being sensible that it was necessary to preserve such a situation as
would make a southerly wind a fair one; that we might range along the
reefs till an opening should be found into smooth water, and we the
sooner be able to pick up some refreshments.'

On the 18th the rain abated, when, at their commander's recommendation,
they all stripped and wrung their clothes through the sea-water, from
which, as usual, they derived much warmth and refreshment; but every one
complained of violent pains in their bones. At night the heavy rain
recommenced, with severe lightning, which obliged them to keep baling
without intermission. The same weather continued through the 19th and
20th; the rain constant - at times a deluge - the men always baling; the
commander, too, found it necessary to issue for dinner only half an
ounce of pork.

At dawn of day, Lieutenant Bligh states, that some of his people seemed
half dead; that their appearances were horrible; 'and I could look,'
says he, 'no way, but I caught the eye of some one in distress. Extreme
hunger was now too evident, but no one suffered from thirst, nor had we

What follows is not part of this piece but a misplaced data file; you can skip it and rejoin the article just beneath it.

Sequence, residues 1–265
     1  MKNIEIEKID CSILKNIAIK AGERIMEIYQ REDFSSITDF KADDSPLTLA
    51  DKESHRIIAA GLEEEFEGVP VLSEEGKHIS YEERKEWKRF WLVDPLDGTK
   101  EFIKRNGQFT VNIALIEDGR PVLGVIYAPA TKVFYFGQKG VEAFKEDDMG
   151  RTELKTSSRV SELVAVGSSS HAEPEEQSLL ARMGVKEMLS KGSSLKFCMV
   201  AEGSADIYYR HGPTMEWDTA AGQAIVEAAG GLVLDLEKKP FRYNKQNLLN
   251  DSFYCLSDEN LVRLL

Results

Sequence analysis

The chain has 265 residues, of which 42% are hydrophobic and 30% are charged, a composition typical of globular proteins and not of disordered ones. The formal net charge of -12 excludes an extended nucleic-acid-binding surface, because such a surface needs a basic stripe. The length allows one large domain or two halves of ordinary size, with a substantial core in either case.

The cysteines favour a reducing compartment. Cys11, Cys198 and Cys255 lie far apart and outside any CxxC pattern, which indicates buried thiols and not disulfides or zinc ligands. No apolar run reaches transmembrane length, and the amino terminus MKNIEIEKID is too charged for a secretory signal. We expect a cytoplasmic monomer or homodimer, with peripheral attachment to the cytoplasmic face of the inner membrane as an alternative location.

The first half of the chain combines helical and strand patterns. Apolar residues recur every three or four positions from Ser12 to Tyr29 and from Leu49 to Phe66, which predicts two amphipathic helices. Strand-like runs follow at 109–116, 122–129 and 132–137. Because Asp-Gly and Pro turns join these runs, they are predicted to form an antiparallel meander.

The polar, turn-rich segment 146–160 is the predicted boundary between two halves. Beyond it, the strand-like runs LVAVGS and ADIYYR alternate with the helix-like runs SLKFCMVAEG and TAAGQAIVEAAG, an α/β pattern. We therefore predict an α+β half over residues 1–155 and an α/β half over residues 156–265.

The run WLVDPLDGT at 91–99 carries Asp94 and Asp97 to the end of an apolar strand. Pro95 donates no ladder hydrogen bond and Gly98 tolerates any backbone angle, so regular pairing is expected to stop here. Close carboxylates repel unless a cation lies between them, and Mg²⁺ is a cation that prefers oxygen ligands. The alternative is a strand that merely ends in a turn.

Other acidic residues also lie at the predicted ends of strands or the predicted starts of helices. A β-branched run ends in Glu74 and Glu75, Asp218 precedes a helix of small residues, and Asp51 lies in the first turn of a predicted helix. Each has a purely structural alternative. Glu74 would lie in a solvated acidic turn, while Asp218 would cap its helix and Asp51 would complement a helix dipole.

much inclination to drink, that desire perhaps being satisfied through
the skin. The little sleep we got was in the midst of water, and we
constantly awoke with severe cramps and pains in our bones. At noon the
sun broke out and revived every one.

'During the whole of the afternoon of the 21st we were so covered with
rain and salt water, that we could scarcely see. We suffered extreme
cold, and every one dreaded the approach of night. Sleep, though we
longed for it, afforded no comfort; for my own part, I almost lived
without it. On the 22nd, our situation was extremely calamitous. We were
obliged to take the course of the sea, running right before it, and
watching with the utmost care, as the least error in the helm would in a
moment have been our destruction. It continued through the day to blow